assistance, heterogeneity could largely be attributed to one large study (Puma et al.,
2007) with a relatively low effect size. In goal setting, heterogeneity could be attributed
to differences between conditions.
However, from the 95% confidence interval statistics reported in Table 3 can be
concluded that, despite significant heterogeneity within the categories of interventions
that significantly improve writing proficiency, the effects in these categories were still
largely positive, even at the lower bound of the confidence interval.
4. Discussion
4.1 Effective interventions to improve elementary students’ writing
It has been established that, in the Netherlands, the way writing is taught in elementary
school needs to be improved. The aim of this meta-analysis was to identify evidence-
based effective instructional practices for teaching writing to students in grade 4 to 6.
To determine this, we calculated average effect sizes for 10 types of interventions. The
results show that the most effective interventions to improve students’ writing are, in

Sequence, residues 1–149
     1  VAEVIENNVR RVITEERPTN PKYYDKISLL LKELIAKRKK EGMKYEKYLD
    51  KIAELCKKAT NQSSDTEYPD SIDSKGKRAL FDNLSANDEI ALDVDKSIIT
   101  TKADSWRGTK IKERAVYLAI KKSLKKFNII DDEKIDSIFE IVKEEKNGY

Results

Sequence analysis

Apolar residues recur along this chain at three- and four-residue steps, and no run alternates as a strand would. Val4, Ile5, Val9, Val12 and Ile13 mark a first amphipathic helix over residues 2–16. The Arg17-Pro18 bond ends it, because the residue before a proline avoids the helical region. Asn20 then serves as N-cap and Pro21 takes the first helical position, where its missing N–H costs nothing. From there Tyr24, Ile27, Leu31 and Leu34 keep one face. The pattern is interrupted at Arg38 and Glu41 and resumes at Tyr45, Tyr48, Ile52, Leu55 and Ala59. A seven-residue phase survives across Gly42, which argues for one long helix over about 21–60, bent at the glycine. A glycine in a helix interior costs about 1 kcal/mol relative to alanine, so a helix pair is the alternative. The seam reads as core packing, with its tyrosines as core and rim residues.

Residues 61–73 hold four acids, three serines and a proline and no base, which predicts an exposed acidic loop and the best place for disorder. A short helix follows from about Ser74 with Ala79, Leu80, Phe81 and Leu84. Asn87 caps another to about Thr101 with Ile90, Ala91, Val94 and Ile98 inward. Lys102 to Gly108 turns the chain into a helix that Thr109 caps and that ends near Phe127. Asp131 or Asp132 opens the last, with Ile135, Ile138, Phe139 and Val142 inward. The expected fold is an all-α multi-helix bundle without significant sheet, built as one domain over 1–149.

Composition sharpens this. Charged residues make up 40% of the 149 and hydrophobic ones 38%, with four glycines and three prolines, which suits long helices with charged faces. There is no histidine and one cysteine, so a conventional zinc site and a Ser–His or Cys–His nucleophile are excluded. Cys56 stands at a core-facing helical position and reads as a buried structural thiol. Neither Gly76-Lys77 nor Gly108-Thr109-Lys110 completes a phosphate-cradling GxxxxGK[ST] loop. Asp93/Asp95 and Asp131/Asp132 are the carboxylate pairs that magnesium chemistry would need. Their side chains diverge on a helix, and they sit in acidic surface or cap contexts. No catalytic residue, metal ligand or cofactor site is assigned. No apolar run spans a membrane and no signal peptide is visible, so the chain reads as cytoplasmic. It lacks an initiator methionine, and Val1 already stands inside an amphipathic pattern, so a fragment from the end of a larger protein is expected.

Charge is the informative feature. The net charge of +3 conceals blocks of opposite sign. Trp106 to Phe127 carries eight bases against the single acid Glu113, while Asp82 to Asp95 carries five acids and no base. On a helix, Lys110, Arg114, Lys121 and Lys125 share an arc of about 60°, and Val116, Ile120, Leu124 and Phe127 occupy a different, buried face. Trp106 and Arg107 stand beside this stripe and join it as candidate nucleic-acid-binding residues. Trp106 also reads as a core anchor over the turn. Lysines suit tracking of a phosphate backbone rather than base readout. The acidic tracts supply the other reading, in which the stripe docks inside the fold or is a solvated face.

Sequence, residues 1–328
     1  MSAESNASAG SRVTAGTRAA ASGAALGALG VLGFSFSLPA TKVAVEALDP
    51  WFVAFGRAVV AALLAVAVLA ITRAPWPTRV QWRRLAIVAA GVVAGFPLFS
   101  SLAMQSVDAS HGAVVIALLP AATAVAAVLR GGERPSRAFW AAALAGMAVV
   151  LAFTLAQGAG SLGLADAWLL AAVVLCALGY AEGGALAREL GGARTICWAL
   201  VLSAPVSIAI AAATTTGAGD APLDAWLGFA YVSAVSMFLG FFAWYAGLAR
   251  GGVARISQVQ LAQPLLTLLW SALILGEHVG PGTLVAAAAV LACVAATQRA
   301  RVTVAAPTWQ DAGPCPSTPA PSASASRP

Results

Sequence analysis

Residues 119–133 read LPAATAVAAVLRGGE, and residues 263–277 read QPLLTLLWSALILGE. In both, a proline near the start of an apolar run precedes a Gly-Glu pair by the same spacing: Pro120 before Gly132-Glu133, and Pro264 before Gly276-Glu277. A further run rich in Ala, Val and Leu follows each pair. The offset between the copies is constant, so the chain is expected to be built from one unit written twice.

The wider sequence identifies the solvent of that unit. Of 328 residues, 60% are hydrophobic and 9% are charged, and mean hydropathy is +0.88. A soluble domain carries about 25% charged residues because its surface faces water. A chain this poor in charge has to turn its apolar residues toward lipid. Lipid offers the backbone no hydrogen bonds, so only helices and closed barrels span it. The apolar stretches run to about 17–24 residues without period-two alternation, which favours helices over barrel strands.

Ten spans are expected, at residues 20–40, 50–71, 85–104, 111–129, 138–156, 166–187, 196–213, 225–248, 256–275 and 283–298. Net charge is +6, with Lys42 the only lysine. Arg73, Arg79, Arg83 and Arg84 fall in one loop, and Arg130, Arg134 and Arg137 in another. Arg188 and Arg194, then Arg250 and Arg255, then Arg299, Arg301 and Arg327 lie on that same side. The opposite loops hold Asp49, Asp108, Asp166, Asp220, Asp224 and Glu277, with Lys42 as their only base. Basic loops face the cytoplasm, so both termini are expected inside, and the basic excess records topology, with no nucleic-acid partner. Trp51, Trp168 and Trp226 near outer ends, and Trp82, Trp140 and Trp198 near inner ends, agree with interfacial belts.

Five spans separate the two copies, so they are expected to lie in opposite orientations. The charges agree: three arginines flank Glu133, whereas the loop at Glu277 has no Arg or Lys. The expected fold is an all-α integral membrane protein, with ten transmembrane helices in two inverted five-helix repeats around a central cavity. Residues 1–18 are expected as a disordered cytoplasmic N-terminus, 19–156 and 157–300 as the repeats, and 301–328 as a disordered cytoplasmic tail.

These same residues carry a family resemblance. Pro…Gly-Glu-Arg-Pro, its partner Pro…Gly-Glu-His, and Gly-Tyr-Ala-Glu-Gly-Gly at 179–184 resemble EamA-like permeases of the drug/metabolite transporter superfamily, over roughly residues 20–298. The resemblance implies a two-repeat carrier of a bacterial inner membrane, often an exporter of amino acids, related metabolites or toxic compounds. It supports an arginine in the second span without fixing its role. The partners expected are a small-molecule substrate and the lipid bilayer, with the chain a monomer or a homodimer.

order of effect sizes: goal setting, strategy instruction, text structure instruction,
feedback, and peer assistance. Post hoc analysis demonstrates that goal setting is the
most effective intervention, followed by strategy instruction, text structure instruction,
peer assistance, and feedback. This is in line with the findings of recent previous
reviews (Graham & Perin, 2007; Graham et al., 2012), even though we limited our
analysis to students in grade 4 to 6 in a regular educational setting. However, our
findings are corroborated by statistical analysis.
The results of our analysis show that goal setting was by far the most effective
intervention. However, as stated before, it should be noted that all effect sizes in this